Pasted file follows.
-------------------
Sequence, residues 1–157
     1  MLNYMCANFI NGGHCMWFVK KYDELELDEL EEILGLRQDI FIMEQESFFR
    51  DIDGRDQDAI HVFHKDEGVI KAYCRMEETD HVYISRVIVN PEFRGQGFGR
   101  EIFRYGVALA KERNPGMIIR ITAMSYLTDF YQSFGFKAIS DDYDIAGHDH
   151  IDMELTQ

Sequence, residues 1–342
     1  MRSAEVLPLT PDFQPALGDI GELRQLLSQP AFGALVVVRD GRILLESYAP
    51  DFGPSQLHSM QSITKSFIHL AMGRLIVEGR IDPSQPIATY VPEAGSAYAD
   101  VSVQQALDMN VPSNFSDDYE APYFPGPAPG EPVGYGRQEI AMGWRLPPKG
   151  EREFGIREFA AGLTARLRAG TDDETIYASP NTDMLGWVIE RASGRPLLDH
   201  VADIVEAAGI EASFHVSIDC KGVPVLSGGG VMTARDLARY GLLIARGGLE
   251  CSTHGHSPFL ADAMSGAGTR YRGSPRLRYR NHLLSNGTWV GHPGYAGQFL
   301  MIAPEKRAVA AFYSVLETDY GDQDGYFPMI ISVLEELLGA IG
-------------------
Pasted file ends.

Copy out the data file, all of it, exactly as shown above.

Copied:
Sequence, residues 1–157
     1  MLNYMCANFI NGGHCMWFVK KYDELELDEL EEILGLRQDI FIMEQESFFR
    51  DIDGRDQDAI HVFHKDEGVI KAYCRMEETD HVYISRVIVN PEFRGQGFGR
   101  EIFRYGVALA KERNPGMIIR ITAMSYLTDF YQSFGFKAIS DDYDIAGHDH
   151  IDMELTQ

Sequence, residues 1–342
     1  MRSAEVLPLT PDFQPALGDI GELRQLLSQP AFGALVVVRD GRILLESYAP
    51  DFGPSQLHSM QSITKSFIHL AMGRLIVEGR IDPSQPIATY VPEAGSAYAD
   101  VSVQQALDMN VPSNFSDDYE APYFPGPAPG EPVGYGRQEI AMGWRLPPKG
   151  EREFGIREFA AGLTARLRAG TDDETIYASP NTDMLGWVIE RASGRPLLDH
   201  VADIVEAAGI EASFHVSIDC KGVPVLSGGG VMTARDLARY GLLIARGGLE
   251  CSTHGHSPFL ADAMSGAGTR YRGSPRLRYR NHLLSNGTWV GHPGYAGQFL
   301  MIAPEKRAVA AFYSVLETDY GDQDGYFPMI ISVLEELLGA IG